CICC Set to Make Very Substantial Acquisition; Shares Halted

  • CICC has been in talks with China Investment Securities
  • CEO Bi Mingjian trying to reinvent CICC after fall in rankings

China International Capital Corp. said it was set to announce a “very substantial acquisition,” four months after the investment bank said it was talking with China Investment Securities Co. about a possible tie-up.

Trading in CICC’s shares was halted in Hong Kong on Friday after the firm said in an exchange filing that a statement on the acquisition was pending. Calls to China Investment Securities’s office in Shenzhen went unanswered.

Buying China Investment Securities would mark a major strategy change for CICC, which stood out from other Chinese investment banks by focusing solely on institutional and wealthy clients. Under former Chief Executive Officer Levin Zhu, CICC executives debated creating a retail network but didn’t proceed because of concerns about slim margins, people with knowledge of the matter said.

“It’s a good fit strategically,” said Lucas Wang, a Hong Kong-based analyst at First Shanghai Securities Ltd. “CICC has been strong with high-net worth clients, while China Investment has an extensive reach to small retail customers.”

Beijing-based CICC is trying to reinvent itself under CEO Bi Mingjian after its ranking as the top Chinese brokerage by revenue in 2005 tumbled to No. 23 a decade later. In July, CICC said it was in “very preliminary” discussions with China Investment Securities on “strategic cooperation and business opportunities” and it wasn’t certain that a transaction would proceed.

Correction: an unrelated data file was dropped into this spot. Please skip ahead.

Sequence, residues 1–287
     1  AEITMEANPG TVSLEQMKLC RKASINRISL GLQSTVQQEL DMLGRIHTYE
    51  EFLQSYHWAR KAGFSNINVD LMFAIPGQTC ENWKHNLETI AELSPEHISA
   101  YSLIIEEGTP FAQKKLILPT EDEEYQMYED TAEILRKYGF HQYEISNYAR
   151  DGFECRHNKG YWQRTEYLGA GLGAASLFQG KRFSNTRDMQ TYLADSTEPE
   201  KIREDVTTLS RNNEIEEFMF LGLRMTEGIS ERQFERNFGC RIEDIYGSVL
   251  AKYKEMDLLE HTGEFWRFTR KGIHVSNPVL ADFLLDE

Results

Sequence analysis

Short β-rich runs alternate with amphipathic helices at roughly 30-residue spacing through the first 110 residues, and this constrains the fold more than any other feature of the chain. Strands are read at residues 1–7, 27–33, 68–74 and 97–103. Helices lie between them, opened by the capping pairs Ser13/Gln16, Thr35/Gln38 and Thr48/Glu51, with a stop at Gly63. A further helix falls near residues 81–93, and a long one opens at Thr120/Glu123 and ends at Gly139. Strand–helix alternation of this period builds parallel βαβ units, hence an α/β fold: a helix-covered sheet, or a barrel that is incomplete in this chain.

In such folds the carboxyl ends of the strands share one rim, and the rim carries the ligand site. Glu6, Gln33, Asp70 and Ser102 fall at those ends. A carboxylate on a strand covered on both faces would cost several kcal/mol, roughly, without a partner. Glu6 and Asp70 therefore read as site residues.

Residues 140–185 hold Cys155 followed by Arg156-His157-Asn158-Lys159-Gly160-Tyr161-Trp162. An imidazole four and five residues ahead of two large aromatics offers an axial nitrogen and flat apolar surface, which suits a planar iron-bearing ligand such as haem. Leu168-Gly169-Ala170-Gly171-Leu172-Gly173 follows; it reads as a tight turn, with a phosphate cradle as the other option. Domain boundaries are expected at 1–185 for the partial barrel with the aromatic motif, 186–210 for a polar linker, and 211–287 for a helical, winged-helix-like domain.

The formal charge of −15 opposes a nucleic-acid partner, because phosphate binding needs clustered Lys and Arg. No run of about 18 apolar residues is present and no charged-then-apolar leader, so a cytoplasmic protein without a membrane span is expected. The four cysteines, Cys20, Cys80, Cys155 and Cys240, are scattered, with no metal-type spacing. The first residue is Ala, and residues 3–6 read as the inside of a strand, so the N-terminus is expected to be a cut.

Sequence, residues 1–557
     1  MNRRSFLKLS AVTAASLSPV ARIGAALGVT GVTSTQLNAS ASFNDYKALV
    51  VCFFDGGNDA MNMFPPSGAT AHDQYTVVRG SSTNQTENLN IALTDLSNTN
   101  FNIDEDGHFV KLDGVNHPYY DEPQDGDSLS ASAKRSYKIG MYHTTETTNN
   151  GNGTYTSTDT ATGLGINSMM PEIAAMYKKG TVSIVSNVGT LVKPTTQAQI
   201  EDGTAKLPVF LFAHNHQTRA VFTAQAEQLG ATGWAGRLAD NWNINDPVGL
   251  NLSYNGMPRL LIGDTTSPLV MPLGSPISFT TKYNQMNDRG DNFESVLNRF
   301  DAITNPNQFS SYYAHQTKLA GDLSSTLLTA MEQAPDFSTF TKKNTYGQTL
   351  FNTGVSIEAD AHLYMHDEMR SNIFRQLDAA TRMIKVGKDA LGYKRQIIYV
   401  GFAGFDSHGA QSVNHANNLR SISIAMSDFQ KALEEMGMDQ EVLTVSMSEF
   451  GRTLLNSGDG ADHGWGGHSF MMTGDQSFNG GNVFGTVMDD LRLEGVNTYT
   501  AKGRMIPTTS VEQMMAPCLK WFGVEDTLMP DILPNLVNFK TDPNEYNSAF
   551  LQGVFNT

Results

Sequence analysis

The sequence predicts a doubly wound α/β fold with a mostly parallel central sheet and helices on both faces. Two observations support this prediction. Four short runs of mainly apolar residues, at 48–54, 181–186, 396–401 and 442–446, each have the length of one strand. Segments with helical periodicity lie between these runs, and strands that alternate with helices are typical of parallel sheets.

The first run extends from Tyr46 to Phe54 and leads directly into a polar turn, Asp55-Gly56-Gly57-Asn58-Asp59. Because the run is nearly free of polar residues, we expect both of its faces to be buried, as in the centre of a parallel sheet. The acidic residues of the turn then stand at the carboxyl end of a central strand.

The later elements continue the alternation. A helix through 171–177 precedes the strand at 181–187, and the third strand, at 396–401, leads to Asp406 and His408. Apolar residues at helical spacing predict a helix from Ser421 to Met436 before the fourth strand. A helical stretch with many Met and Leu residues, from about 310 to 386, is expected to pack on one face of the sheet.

Different Market

That statement came after Bloomberg reported that the two firms were said to be in talks about a possible merger. The companies had combined assets of 186 billion yuan ($27.5 billion) at the end of last year.

CICC also expects the acquisition to help it strengthen its asset-management business, as the firm can market some products to China Investment Securities’s retail network, one of the people said.

“China’s stock market is different from other nations as it is dominated by small individual investors,” said Wang. “Without them, CICC faces the risk of being marginalized.”

Set up in 1995, CICC was part-owned by Morgan Stanley until that firm sold out in 2010. Run by Zhu, the son of then-Premier Zhu Rongji, it brought some of the country’s biggest state-owned firms to market, becoming known as China’s answer to Goldman Sachs Group Inc.

Hong Kong IPO

As part of CICC’s efforts to drive a revival, it raised $811 million from an initial public offering in Hong Kong in November last year, earmarking money for expansion in equity sales and trading, wealth management and international business. Last year, surging income from brokerage commissions and asset management helped drive up profit.

Shenzhen-based China Investment Securities was 17th in last year’s revenue rankings, while Citic Securities Co. was first, according to Securities Association of China data. China Investment Securities is owned by Central Huijin Investment Ltd., according to the brokerage’s website. Huijin, a unit of China’s sovereign wealth fund, owns 28.4 percent of CICC, according to CICC’s website.

Here’s how CICC and China Investment Securities compared in 2015, based on data from their websites and annual reports:

  • Assets: CICC, 94.1 billion yuan; China Investment Securities, 92.2 billion yuan

  • Full-year profit increase: CICC, 75 percent; China Investment Securities, 194 percent

  • Net income: CICC, 1.95 billion yuan; China Investment Securities, 3.6 billion yuan

  • Branches: CICC, 20; China Investment Securities, 160

— With assistance by Paul Panckhurst, Cathy Chan, Alfred Liu, and Jun Luo

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